“Foodbanks have become an accepted part of society, and that is wrong.”

Published: Friday February 17, 2023

Since 2000, The Trussell Trust Foodbank outlets have been set up across the country in church halls and community spaces to provide essential items to people who cannot afford food or toiletries. The pandemic and cost of living crisis has had a big impact on the demand for services and Foodbank staff are increasingly busy. Gill Donovan, the outlet lead for the Bishop’s Cleeve Foodbank,  shares her experience.

The Bishop’s Cleeve Foodbank is one of six outlets which operate under the North Cotswold Foodbank, which has a central food warehouse in Guiting Power. Having volunteered for three years, Gill took over as the outlet lead in September 2020.

“I’d been volunteering at the Foodbank for some years and over that time we have certainly got increasingly busy. We first saw a significant increase in October 2021, which was when the Government stopped the additional Universal Credit payment they had made during the pandemic. Then around February 2022, we saw another spike when a lot of people started to see their energy bills increasing and that increase from 12 months ago has not ever declined.*

“Up to Christmas last year, we kept breaking our record for the number of clients we’d seen each week. Since January it’s been steady again, but we just don’t know what’s going to happen. That, for me, is the most challenging thing about the Foodbank, that you have absolutely no idea what the demand is from one week to the next. Pre-COVID, there were some weeks where we might not have a client at all, and we thought we were busy if we had three or four clients attending our Friday morning sessions. Now, I cannot remember the last time we didn’t have a single client, and a ‘quiet’ week is about eight or nine clients.”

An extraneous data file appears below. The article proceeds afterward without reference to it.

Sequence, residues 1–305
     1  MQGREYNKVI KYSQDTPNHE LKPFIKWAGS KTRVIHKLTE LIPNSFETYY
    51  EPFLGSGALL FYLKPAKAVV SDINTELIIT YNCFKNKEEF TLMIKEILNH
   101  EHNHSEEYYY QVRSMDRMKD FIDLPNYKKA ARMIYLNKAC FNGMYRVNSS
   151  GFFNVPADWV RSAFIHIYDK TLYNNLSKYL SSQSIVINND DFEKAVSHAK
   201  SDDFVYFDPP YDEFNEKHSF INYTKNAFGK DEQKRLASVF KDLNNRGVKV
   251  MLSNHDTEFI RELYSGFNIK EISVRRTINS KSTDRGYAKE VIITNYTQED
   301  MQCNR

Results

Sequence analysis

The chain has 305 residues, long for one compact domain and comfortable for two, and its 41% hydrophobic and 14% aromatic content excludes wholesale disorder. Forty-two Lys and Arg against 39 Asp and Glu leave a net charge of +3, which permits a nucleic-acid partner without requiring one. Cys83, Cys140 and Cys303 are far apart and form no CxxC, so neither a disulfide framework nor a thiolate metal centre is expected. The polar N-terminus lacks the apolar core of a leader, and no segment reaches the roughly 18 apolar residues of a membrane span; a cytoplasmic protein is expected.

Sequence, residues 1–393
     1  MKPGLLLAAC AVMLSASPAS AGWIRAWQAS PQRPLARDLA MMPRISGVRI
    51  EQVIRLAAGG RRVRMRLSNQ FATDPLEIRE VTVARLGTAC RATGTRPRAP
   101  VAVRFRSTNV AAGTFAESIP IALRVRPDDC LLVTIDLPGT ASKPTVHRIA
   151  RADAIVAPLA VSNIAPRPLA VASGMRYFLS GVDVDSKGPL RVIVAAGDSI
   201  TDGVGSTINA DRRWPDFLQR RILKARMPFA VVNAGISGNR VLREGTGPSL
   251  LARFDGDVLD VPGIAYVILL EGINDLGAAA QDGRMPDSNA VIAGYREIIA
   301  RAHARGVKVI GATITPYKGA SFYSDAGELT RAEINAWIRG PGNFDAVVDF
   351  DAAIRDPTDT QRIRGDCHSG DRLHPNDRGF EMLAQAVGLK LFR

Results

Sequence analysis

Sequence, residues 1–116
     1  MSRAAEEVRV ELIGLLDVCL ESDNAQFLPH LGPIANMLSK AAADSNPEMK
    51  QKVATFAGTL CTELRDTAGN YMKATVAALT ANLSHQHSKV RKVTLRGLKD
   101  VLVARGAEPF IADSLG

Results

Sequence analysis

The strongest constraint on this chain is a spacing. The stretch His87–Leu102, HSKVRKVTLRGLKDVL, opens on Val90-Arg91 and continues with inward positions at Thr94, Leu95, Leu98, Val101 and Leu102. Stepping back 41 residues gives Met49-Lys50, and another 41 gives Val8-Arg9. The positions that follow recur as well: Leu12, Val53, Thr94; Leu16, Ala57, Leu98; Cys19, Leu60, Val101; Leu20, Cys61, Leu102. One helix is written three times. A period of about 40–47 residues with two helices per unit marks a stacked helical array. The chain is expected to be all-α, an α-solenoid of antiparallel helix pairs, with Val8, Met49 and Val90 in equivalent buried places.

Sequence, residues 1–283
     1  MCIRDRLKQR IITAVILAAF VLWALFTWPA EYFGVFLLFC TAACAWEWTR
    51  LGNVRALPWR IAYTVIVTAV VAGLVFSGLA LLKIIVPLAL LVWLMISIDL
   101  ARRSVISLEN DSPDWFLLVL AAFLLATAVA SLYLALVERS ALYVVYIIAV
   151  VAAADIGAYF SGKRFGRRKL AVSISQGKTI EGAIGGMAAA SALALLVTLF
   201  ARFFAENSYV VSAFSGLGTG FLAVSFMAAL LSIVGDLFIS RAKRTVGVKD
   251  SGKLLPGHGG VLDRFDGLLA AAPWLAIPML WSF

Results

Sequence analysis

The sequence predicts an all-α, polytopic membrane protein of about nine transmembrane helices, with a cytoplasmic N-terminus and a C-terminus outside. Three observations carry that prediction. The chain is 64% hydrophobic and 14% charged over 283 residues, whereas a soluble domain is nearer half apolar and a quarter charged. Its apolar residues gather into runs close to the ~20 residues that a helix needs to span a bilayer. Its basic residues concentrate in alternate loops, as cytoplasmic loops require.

The increase in demand has also impacted the time for pastoral care and support.

“When I started at the Foodbank, our normal way of operating was to greet the client, offer them a cup of tea and sit with them and chat. Sometimes faith would come into the conversation and some of us might offer prayer. However, when COVID happened, we had to change our model and couldn’t offer cups of tea due to social distancing rules. We ended up handing over food in the car park. But we’ve never gone back to the tea and chat, not because of COVID but because we’re too busy. It does feel that we are missing that opportunity to offer more pastoral support like this, and we are looking at ways we can improve that.”

Bishop’s Cleeve and surrounding areas have grown in recent years, and are continuing to grow, with an estimated population of 19,000 (compared to Tewkesbury’s 17,000).

Gill says, “There are a number of different reasons for the extra demands on us and the additional housing is one of them. It is interesting that the village is now likely bigger than Tewkesbury town.”

“Offering a debt adviser takes the service one step further.”

The Foodbank is well served by a waiting list of volunteers and a steady stream of food donations, but Gill says that the financial aid they have received has been a particular help.